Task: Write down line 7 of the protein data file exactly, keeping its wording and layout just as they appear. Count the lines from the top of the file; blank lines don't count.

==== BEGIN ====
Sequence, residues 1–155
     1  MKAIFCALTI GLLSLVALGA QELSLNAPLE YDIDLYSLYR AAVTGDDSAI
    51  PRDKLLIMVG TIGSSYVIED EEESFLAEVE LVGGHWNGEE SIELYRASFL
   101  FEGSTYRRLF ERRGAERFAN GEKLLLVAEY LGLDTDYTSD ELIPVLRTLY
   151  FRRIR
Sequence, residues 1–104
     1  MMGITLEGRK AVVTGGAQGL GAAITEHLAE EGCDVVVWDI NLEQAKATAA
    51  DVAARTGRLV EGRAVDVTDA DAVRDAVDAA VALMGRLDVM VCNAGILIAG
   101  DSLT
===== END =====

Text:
     1  MMGITLEGRK AVVTGGAQGL GAAITEHLAE EGCDVVVWDI NLEQAKATAA